Ramona Sakiestewa


I’m Ramona Sakiestewa. I was born in Albuquerque at the Albuquerque Indian hospital when there was one. My family’s from northern Arizona – from Aribi all the way to Moenkopi. I have always loved tactile things. I got a sewing machine when I was four. And so I made doll clothes, and I made clothes for myself by the second grade. But I like touching, and I like fabrics, and I like the tactile experience. Went about teaching myself to weave. Then I worked my way up to American Southwest Tapestry, which is distinctly different than European tapestry. It’s finished on both sides. And I did that for close to 30 years. And all along I did print-making, and painting, and other things. Mostly to get maquettes and drawings that I could use for weaving.

All my work has generally been about divination. I’m always interested in time and space and how certain things intersect and come together at a certain moment in time. Sort of abstractions of nature because that’s been very influential in my life. And I have lots of little scraps of things that I collect. Tear things out of magazines that I like. I save scraps of stuff. I have a lot of dead plants and insects in boxes that I look at. And then, I’m very interested in deep space. The cosmos and stars. Because that’s a scientific vocabulary that indigenous people in the Americas have had. Our cultures are based in really deep science. So when the Hubble space telescope went out into deep space and they sent back these beautiful sort of multi-layered photographs of nebulae, I decided that’s what I wanted to do as kind of my final homage to weaving. And so the series, the Nebulae Series, was indeed that. So it was based entirely on my interpretation through watercolor of the Hubble space telescope.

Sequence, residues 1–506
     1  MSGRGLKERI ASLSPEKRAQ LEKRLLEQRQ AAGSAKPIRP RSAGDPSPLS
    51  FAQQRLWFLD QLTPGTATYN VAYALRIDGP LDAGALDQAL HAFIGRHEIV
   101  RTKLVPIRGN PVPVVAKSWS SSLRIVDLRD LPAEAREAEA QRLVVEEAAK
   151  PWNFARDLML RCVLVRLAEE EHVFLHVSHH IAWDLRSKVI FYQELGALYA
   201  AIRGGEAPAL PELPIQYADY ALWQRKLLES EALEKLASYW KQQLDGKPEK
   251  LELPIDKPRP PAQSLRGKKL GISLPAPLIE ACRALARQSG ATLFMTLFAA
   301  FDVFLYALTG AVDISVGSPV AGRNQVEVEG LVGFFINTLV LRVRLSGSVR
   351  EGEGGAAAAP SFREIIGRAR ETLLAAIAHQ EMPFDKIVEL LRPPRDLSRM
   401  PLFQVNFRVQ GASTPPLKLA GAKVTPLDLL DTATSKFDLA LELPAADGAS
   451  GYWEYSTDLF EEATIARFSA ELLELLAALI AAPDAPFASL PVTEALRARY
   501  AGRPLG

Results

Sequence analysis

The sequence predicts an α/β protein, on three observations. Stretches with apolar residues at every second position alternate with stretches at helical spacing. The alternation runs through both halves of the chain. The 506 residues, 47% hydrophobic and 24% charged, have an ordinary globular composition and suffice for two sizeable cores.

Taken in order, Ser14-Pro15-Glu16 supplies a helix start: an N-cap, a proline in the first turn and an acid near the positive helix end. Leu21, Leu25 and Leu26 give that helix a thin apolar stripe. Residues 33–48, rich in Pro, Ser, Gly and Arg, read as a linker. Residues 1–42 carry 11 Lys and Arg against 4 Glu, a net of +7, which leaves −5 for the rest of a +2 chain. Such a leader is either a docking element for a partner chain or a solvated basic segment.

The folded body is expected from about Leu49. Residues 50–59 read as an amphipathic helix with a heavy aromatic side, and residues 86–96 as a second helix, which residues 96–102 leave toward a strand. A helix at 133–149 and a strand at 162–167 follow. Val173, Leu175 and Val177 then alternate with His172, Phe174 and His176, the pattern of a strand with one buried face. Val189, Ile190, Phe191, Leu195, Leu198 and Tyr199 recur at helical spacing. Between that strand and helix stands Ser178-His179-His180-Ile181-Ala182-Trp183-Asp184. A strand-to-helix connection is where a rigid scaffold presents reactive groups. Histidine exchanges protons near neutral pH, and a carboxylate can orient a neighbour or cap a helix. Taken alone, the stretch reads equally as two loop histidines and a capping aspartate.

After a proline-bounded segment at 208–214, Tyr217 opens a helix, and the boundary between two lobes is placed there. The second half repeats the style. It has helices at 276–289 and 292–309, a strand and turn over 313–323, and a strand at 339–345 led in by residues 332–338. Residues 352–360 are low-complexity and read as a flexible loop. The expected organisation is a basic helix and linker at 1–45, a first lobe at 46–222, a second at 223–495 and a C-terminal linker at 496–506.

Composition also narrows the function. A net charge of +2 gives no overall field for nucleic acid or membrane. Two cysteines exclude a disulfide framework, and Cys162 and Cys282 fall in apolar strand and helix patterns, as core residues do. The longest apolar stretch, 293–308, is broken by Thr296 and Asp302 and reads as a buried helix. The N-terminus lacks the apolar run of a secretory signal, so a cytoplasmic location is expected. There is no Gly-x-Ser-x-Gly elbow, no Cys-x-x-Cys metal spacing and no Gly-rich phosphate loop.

It’s very important to me to layer color. It’s the kind of thing when you initially look at one of the weavings, you’ll go, “Oh, that’s pink.” But really, it’s three colors that are in every pick that goes across the weaving. You just don’t see it right away, but there’s a depth of color.

So in 2009, I decided to close my studio. I thought, I can’t do better weaving than this. And I want to do something else which is print-making and these kind of visual constructions. So, that’s my new foray into the world of art. Weaving had its moment. And then it had its end.


We do not yet have a Native-language translation of this text.



Ramona Sakiestewa’s sophisticated use of tapestry weaving, an enduring tradition of her Hopi community, was inspired by images from the Hubble Space Telescope. The result is a vibrant, textured, and seamless expression that depicts bursts of light, energy, growth, and nature, which materializes through her long-standing practice of layering shapes and colors.